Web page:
We have a number of ways that the community can support our mission. We are always looking for volunteers and/or donations. On our webpage, we have a list of the donations needed for the Resource Center. Volunteers are needed to staff the Resource Center and complete various projects on the property. We also accept financial contributions.
Family Promise of Tualatin Valley (FPTV)
FPTV serves homeless children and their families. We are creating a network of religious and civic organizations that will provide shelter, meals, and resource assistance. Individual family plans are developed with our FPTV case manager to help families identify and connect with services specific to their needs with permanent housing being the priority.
How Can I Help?
The community keeps our program going. Without the support, we wouldn't be able to help families on their path to sustainable housing. You can support our cause here.
You Should Also Know About….
Washington County Family Shelter Network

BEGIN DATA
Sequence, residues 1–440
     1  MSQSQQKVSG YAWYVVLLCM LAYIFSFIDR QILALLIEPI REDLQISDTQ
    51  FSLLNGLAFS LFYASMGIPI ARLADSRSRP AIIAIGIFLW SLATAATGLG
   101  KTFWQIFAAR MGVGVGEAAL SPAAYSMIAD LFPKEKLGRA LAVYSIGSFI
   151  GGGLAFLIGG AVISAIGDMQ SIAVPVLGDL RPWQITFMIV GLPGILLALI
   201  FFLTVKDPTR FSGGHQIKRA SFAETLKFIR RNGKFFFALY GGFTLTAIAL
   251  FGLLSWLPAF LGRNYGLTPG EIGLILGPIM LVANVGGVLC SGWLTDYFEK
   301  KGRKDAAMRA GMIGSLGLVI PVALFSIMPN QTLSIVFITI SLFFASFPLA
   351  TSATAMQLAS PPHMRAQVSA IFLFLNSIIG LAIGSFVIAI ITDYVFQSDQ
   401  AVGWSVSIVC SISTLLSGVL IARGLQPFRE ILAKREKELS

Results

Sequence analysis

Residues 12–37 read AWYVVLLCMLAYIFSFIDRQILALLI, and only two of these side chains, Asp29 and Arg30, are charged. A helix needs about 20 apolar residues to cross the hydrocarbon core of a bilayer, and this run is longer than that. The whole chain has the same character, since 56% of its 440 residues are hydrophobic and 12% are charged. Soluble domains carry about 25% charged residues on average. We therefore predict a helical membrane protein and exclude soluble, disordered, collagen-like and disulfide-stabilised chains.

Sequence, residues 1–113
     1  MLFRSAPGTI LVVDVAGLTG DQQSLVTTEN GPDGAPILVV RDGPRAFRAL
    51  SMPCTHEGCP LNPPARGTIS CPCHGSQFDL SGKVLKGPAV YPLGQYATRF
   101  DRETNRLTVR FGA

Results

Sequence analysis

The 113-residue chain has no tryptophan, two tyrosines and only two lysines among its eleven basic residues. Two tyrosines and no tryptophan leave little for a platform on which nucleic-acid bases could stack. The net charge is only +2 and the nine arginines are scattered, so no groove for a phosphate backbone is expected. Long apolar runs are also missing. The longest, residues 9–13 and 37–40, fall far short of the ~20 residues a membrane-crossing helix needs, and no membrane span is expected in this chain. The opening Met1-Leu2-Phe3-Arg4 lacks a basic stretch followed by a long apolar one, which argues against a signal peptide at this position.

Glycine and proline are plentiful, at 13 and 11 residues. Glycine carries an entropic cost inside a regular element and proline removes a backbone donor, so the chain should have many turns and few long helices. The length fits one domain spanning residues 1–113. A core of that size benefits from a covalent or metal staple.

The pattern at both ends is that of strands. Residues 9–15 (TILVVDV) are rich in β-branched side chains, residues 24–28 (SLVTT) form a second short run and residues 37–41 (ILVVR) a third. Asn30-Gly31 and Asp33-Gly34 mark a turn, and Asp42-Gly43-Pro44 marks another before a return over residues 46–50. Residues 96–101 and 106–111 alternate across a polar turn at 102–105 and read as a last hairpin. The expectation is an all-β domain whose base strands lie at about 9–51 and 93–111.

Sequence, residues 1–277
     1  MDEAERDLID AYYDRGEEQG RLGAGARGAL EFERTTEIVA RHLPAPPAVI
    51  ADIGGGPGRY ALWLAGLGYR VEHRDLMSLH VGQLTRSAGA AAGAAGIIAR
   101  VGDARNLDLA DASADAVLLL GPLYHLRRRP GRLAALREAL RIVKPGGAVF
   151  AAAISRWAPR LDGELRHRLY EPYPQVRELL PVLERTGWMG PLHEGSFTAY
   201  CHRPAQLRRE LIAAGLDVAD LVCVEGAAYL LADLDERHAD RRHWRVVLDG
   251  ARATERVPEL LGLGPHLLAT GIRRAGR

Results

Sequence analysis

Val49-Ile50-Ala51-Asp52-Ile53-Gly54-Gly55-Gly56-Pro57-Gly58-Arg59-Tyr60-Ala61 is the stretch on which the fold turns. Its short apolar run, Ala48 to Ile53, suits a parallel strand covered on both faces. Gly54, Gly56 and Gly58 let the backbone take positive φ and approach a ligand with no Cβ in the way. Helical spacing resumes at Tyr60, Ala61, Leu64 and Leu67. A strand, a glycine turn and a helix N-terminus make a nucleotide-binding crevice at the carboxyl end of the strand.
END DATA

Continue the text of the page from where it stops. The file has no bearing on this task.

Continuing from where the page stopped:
Contact: (503) 640-3263
Community Action offers a variety of assistance for homeless families and persons at risk of homelessness.
Safe Place for Youth
Contact: (503) 542-2389
Safe Place serves youth in Washington County, up to age 19, who are in need of a place to stay and help from our trained staff. Safe Place also serves youth who need to spend a period of time away from their home and family to address behavioral issues with the help of our specialized staff.
HomePlate Youth Services
Contact: (503) 320-8965
HomePlate is Washington County's only non-profit provider of drop-in centers and street outreach for young people experiencing homelessness.
Open Door Counseling Center (ODCC)
Contact: (503) 640-6689
ODCC offers drop-in daytime services for homeless persons including hot meals, showers, laundry, phone and mailbox use. Emergency food boxes and other services are also available.
Tigard Library Mitten Tree (December 1 to December 31)
Throughout the month of December, bring new hats, scarves and gloves to decorate the branches of our 22nd annual Mitten Tree. The Good Neighbor Center will give them to families experiencing homelessness in Washington County. The Mitten Tree is sponsored by Friends of the Tigard Library.